You’ll never feel the same after a parental leave. A couple of months ago, you left the office as an accomplished career woman. You were on your way to the top or at least, trying your best to. You didn’t think that the joy of motherhood would derail your career growth. But alas, your child is born. Your life will never be the same. And as much as we want to deny that our careers will continue to flourish even after giving birth, that’s not a story for every mother. For most, their time will never be theirs alone again.
There’s a flood of emotions that will wash over you after you drop off your kid to a child care facility on your first day back to work. First, you’ll worry that you may not be up to work just yet. Second, you’ll worry if your kid is going to be safe with their caregivers. And third, you’ll worry if you made the right choice. In short, you’ll worry about a million things on your first day back.
How can you stay sane? Are these feelings normal? Are you going crazy?
This transition is like no other. It’s not like going back to work after a week of traveling around Europe. The changes are going to surprise you. Be gentle with yourself. There’s no reason to rush into things. Even your boss will understand your need to take everything slowly.
Everything is changing in your life. You’re not only taking care of yourself and your partner, but you’re also taking care of tiny humans who depend on you. For most parents, this means never going to get the full eight hours of sleep they need to function well. They’re basically operating on a five-hour sleep (if they’re lucky). Their days are fueled by cups of coffee that have gone cold.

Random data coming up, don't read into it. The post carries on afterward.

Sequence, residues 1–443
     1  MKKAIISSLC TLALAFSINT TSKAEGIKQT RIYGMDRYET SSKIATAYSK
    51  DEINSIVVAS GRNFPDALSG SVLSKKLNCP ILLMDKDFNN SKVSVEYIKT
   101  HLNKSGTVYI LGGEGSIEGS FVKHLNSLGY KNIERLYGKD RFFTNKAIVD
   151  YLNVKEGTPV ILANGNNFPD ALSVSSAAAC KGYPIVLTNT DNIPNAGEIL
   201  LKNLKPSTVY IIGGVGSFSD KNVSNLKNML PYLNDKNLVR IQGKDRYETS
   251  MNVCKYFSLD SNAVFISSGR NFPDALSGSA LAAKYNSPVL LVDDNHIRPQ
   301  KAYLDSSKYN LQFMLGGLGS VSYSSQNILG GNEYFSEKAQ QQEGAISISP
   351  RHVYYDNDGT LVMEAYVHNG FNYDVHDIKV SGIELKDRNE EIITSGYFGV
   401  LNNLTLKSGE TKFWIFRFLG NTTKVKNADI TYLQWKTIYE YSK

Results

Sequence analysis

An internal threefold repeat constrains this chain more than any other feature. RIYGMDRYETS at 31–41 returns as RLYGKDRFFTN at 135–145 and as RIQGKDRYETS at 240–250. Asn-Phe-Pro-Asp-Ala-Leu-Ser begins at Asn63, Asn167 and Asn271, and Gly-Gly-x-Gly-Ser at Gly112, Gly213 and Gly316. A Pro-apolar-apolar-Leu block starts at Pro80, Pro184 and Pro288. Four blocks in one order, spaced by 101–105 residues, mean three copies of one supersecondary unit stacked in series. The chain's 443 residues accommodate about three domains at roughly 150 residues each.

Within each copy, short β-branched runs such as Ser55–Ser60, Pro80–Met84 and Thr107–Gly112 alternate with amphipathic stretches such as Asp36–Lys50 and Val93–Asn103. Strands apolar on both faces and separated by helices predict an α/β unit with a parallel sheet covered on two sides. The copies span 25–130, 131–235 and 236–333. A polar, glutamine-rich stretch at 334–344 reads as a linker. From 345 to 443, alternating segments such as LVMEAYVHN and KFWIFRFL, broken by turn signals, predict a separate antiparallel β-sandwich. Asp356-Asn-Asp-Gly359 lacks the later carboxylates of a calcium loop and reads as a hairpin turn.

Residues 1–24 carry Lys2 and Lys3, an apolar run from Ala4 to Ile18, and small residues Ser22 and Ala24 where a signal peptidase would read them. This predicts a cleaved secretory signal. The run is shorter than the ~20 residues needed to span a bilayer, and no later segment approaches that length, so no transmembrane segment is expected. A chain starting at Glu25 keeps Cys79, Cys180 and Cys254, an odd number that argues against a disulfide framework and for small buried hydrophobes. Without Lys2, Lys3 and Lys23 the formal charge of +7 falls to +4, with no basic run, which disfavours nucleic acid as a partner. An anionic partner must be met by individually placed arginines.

Then, of course, you’re going through this whole range of emotions about your decision to go back to work. Did you do the right thing? But you need to work because your finances are going to be in trouble. So did you do the right thing living your kid with their grandparents or hiring a caregiver or enrolling them in a daycare center? And then, you’re also feeling a bit insecure about going back to work. You aren’t even sure that you’re ready to deal with your bosses and officemates, much less prepare reports and presentations.
But insecurities are also normal in this kind of transition. You are bound to feel inadequate because you’ve just spent the past two months breastfeeding and changing diapers. You are not sure about your skill level anymore. On top of that, you’re also feeling guilty about needing to go back to work.
Don’t be too hard on yourself. These feelings are normal. It’s perfectly okay to feel guilty about leaving your kids or not doing good at work. That’s part of being human, and these feelings mean that you’re a good worker and an even better parent. Instead of feeling free for not needing to take care of your kids, you’re worried about them. And instead of slouching off at work, you’re concerned that you may not be doing enough for the company.